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Professor arrested for cheating at Cape casino
A university professor was in a Jackson courtroom Monday on charges that accuse him of cheating during a weekend visit to Cape Girardeau's new casino.
Longtime Southeast Missouri State University literature professor Roger C. Arpin, 66, was arrested at Isle Casino Cape Girardeau on Friday night by the Missouri State Highway Patrol on one felony count of violating Missouri's riverboat gambling laws. Arpin was kept in custody at the Cape Girardeau County Jail until he posted a $7,500 bond Saturday, according to online court documents.
Arpin faces allegations that he was cheating at a blackjack table just before he was arrested for "capping" his bets. Capping is gambling lingo for adding to a bet after the cards are dealt. Arpin was arrested after casino employees told police that they saw -- and recorded -- him in the act.
Hired in 1979, Arpin is an assistant professor in the university's English Department. This past semester, he taught one English and two literature courses.
The cheating charge carries a possible punishment of up to four years in prison on conviction. Additionally, state statutes call for anyone who is convicted of any cheating charge to be barred for life from the state's 13 riverboat casinos.
Jill Alexander, spokeswoman for Isle of Capri Casinos Inc., referred all questions to the Missouri Gaming Commission.
Arpin's is the first gambling-related arrest since the casino opened Oct. 30 in downtown Cape Girardeau, according to gaming commission spokeswoman LeAnn McCarthy. Arpin joins the 44 others who have been charged with cheating-related offenses across the state so far this year, McCarthy said.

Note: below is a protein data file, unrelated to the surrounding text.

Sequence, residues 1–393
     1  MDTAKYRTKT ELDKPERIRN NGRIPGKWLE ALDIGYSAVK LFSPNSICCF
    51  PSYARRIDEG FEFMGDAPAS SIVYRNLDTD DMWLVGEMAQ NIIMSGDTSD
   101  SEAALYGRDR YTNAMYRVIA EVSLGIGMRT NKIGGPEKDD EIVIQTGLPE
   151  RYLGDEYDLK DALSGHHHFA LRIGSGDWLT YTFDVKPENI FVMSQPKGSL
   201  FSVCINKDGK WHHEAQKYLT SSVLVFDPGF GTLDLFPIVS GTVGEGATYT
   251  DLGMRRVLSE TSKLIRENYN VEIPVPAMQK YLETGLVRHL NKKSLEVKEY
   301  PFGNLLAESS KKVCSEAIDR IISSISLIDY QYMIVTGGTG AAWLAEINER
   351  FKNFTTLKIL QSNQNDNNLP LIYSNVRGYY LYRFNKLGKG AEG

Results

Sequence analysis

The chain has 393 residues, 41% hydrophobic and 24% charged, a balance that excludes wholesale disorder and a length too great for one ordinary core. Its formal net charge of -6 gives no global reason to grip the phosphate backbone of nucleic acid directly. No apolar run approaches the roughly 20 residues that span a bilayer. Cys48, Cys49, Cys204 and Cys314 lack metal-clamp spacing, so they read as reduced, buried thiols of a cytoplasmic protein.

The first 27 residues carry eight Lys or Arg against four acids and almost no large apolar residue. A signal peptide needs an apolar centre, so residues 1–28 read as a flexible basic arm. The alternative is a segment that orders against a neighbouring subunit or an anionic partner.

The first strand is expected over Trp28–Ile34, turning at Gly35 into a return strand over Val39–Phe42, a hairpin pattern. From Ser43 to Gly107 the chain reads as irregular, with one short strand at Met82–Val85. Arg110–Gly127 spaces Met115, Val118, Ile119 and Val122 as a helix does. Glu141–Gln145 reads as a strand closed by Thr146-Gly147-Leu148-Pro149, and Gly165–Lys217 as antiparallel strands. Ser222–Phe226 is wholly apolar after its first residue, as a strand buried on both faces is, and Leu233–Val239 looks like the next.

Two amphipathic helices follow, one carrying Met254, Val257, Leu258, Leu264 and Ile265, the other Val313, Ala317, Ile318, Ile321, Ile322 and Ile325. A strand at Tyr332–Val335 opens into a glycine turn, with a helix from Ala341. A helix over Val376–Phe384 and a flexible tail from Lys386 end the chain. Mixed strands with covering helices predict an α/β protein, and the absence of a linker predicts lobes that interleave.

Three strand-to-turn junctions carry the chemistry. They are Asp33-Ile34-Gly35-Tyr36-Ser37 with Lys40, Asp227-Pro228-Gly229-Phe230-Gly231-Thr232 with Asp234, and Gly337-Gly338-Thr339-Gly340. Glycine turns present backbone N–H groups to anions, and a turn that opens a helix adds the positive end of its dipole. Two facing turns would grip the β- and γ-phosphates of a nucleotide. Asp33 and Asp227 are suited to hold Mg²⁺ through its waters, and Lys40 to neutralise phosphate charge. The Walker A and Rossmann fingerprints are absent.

The court arraignment took place Monday afternoon at the Cape Girardeau Courthouse, where Judge Gary Kamp accepted Arpin's not guilty plea and set a preliminary hearing for 11 a.m. Jan. 8. Trae Bertrand, Arpin's Cape Girardeau lawyer, declined to comment following the brief proceeding.
There were no responses to messages left Monday at Arpin's home and his campus office in the Grauel Building. University officials also were staying mum, including Arpin's department chairwoman Carol Scates and university president Ken Dobbins. Through an assistant, Dobbins called Arpin's case a personnel matter that he would not discuss with the media.
According to a probable-cause statement filed by the patrol's Sgt. Darryl Suhr, Arpin's 7 p.m. arrest was preceded by warnings from the dealer and the pit supervisor. Arpin was allowed to finish that hand and received the payout, the statement said.
A half-hour after the warning, the statement, says Arpin was seen capping another bet at the same table by the casino's surveillance department, which alerted the dealer, and Arpin was not given a payout for that hand.
The surveillance department then alerted authorities. The patrol obtained video footage of the alleged violations, according to the patrol's statement.
777 N. Main St., Cape Girardeau, MO